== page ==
They use the cheapest shit they can pack into it, corn products which are not only problematic for nearly all dogs, but cheap fillers, instead of using whole grains. Sugars, chemically derived vitamins instead of putting in whole fruits and vegetables to give the dog the nutrition, and in the dried food, brewers rice is either #1 or #2 on the ingredients list. Brewers rice is a byproduct of the macro brewing industry where all of the nutrients and pretty much anything useful is extracted from the rice making it a very cheap and very useless filler that serves to fill up the dog for a short time, allows the dog food company to trick you into thinking you’re giving your dog plenty of nutrients, and creates more poop.

Boris’ normal food uses only human grade ingredients(instead of whole ground up sick and dying animals etc), and requires significantly less to give the dog enough calories and nutrients due to no useless or harmful fillers which results in less poop to clean up and a healthier dog

Photobucket

Anyway, after we ran out of the (very expensive) shit food that was prescribed, and after the followup blood test showed that while Boris wasn’t really doing much worse, he still wasn’t doing BETTER, I started making Boris’ kidney diet from scratch. I guess the main concern with kidney patient dogs is restricting phosphorus. I’m not sure why, but it is, so I went about searching for the cheapest, most nutrient dense, and phosphorus sparse foods I could find. What I ended up with was high fat beef and pork, winter squash, sweet potatoes, yams, normal potatoes, cream of wheat, pasta, butter, yogurt, cottage cheese, peas, and carrots. I know this is also the first close-up you’ve seen of our awesome kitchen floor. I know you’re jealous, you don’t have to tell me!

Photobucket

The last 2 weeks on friday nights while Craig has gone to Rifle League, I’ve prepared meals for Boris. It’s surprisingly exhausting. We’re also supplementing his diet with tums (calcium carbonate helps to bind phosphorus) and B vitamin complex (his increased urination due to kidney issues causes him to excrete more B vitamins than normal) and when I find COQ10 for less than a million dollars, I’ll add that.Research suggests that dogs consuming supplemental COQ10 dramatically increases kidney function in dogs.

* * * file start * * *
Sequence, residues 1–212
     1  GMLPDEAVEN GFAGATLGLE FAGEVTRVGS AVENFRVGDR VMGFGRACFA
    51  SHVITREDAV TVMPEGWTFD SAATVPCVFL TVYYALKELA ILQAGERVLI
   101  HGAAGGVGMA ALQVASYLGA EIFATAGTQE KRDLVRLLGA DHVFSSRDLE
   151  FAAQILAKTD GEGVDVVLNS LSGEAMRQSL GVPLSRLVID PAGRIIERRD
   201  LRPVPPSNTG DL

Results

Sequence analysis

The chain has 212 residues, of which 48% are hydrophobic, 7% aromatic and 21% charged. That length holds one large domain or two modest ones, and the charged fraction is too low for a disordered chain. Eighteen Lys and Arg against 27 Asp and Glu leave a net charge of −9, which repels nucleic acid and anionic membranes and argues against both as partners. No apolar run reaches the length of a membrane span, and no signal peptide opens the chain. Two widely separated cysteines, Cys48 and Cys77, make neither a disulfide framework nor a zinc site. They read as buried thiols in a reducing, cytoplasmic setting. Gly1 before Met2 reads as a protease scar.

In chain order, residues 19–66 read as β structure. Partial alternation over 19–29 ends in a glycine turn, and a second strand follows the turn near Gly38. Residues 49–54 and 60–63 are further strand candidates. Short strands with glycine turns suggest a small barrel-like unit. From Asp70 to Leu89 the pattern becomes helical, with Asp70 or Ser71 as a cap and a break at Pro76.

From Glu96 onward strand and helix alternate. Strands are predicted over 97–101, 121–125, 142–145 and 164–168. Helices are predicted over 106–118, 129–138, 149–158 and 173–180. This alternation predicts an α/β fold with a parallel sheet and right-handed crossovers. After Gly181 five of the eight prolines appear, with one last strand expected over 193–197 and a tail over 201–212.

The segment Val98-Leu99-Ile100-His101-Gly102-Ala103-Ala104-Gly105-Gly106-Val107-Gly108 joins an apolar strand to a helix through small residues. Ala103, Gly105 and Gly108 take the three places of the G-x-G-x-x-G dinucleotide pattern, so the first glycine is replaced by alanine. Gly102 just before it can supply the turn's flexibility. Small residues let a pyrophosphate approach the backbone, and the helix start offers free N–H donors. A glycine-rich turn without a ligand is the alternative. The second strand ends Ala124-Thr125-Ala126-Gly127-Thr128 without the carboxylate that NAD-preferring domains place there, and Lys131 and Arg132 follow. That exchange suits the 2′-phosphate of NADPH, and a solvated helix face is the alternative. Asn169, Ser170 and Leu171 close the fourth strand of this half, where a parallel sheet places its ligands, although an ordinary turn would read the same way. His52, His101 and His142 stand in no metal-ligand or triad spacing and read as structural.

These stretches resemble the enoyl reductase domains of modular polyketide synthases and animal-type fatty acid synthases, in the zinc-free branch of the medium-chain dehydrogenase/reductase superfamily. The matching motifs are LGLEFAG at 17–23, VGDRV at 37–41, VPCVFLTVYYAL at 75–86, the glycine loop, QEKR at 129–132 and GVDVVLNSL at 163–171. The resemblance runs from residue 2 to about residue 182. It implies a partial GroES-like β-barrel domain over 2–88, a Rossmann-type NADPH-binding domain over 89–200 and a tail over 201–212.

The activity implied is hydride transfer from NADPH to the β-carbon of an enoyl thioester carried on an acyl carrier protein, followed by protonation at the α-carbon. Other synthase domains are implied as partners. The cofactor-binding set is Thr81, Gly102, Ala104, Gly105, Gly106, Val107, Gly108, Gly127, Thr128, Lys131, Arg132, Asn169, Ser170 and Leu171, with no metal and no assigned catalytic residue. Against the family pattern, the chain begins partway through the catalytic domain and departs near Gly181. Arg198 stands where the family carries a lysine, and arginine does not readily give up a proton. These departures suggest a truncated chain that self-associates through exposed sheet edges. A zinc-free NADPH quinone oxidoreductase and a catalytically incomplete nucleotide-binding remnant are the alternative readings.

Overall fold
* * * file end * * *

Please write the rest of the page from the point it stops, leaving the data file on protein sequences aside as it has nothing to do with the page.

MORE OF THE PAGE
Photobucket

Boris has been enjoying the byproducts of my labor on his food, empty yogurt and cottage cheese containers, dropped pieces of squash, potatoes, carrots, and his favorite, pork shoulders stripped of their meat. He also attacks his meals like nobody’s business. He used to go crazy for his old food, but he gets super nuts for the new wet food, he jumps (all 4 feet in the air) and gets generally crazy for it. He adores it. I’ve worked out basic cost to be around $3.50 (at the high end) per day, about $25 per month, which is just over twice the cost of his old food, which still sucks, especially if you factor in the cost of labor, but decent considering that Boris is still alive, and we’re not feeding him shit, I’ve got him on a diet of absolutely human grade ingredients, prepared safely by my hands. Even though I have to brush his teeth now that he’s not eating dry food. 🙁

Photobucket

Posted in: Dogs
June 9, 2009

Clam bake?

Clam bake?
By

I’m not sure that’s what you’d call it, it didn’t include clams, and it wasn’t baked. That’s the only term that I know for this style of food though. It was great. Mike came over with large prawns, mussels, sea scallops, and crab legs, we added corn, kielbasa, onion, a fresh bay leaf, butter and white wine, and paired them with a knockoff of the red lobster cheesy biscuits.
Photobucket

I’d have more photos, but we were drinking apfelwein as we were preparing the seafood, then shared a couple bottles of Diamond Knot IPA over dinner, and Craig deleted all of the photos. Grrrr.

Posted in: Cooking
June 2, 2009

Dog Tired

Dog Tired
By

While Boris has had a lot on his plate lately, what with recovering from acute kidney failure and beating the odds by making a miraculous recovery, his girlfriend Sophie hasn’t been quite so busy. Her dad(Ian)left for Guantanamo a couple weeks ago and she’s been quite the handful for Kelly. We had Kelly and Sophie over for a play date on Sunday and the dogs spent the afternoon trampling my flower bed (Sophie more so than Boris) and trying to eat each other’s heads. After a few hours of this they were exhausted and curled up to sleep together. Awwww.

Photobucket

Posted in: Dogs